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On trend and on the wave: carving cultural identity through active surf dress

Anderson, Jonathan Mark 2016. On trend and on the wave: carving cultural identity through active surf dress. Annals of Leisure Research 19 (2) , pp. 212-234. 10.1080/11745398.2015.1106327

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Abstract

Clothing, as both functional and fashionable, has become a key marker in signifying and shaping personal identity. This is particularly clear in a range of “lifestyle sports” [Wheaton, B. 2004. “Introduction: Mapping the Lifestyle Sportscape.” In Understanding Lifestyle Sports: Consumption, Identity, and Difference, edited by B. Wheaton, 1–28. London: Routledge], including the array of practices associated with the culture of surfing. This paper examines the ways in which companies market performance clothing to surfers. By critically analysing the ways in which wetsuits, rash vests, body gloves, and neoprene boots are advertised by companies such as Billabong, Quiksilver, RipCurl, and O'Neill, this paper outlines how particular engagements with waves are designed into these forms of dress, and how specific cultural performances and identities are encouraged through their marketing. The paper suggests that four cultural ideals become integral to the “dress code” for performance surf wear, namely: (1) Unique Surfing Performance, (2) Cultural Authenticity, (3) Transient Engagements, and (4) Cyborgian Skin. The paper will argue how this marketing of active surf dress is important as it not only signifies particular types of identity within surfing culture, but also valorizes specific types of communion with the surf zone.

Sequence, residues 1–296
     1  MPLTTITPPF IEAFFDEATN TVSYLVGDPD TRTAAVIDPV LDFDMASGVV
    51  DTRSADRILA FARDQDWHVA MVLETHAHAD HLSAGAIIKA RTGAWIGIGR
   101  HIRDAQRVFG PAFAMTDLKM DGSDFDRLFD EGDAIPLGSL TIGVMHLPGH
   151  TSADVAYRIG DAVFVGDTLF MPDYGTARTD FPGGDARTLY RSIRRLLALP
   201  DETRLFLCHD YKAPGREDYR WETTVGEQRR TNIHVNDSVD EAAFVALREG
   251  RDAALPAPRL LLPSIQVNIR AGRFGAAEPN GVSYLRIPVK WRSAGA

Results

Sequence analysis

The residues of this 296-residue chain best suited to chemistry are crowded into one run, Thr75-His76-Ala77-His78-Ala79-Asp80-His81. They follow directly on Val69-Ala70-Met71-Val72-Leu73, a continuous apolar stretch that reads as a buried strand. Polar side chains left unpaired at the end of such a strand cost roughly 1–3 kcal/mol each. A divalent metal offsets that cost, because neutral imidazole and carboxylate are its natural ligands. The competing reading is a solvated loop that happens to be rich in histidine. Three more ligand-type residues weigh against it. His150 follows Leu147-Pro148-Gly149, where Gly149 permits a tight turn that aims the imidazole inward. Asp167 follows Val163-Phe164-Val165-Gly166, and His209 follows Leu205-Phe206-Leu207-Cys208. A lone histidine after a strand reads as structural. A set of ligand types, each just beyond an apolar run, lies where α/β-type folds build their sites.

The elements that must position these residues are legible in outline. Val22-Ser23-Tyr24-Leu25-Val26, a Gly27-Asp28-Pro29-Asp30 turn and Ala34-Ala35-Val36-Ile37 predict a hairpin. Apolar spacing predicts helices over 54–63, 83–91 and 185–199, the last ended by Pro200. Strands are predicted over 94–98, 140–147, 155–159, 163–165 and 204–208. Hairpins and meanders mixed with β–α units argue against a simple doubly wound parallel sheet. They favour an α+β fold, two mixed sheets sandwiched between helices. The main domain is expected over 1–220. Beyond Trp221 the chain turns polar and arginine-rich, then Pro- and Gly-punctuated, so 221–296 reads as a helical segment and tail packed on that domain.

Item Type: Article
Date Type: Publication
Status: Published
Schools: Geography and Planning
Water Research Institute (WATER)
Subjects: G Geography. Anthropology. Recreation > GT Manners and customs
G Geography. Anthropology. Recreation > GV Recreation Leisure
Publisher: Taylor & Francis
ISSN: 1174-5398
Date of First Compliant Deposit: 28 July 2016
Last Modified: 05 Jun 2017 08:39
URI: http://orca.cf.ac.uk/id/eprint/87337

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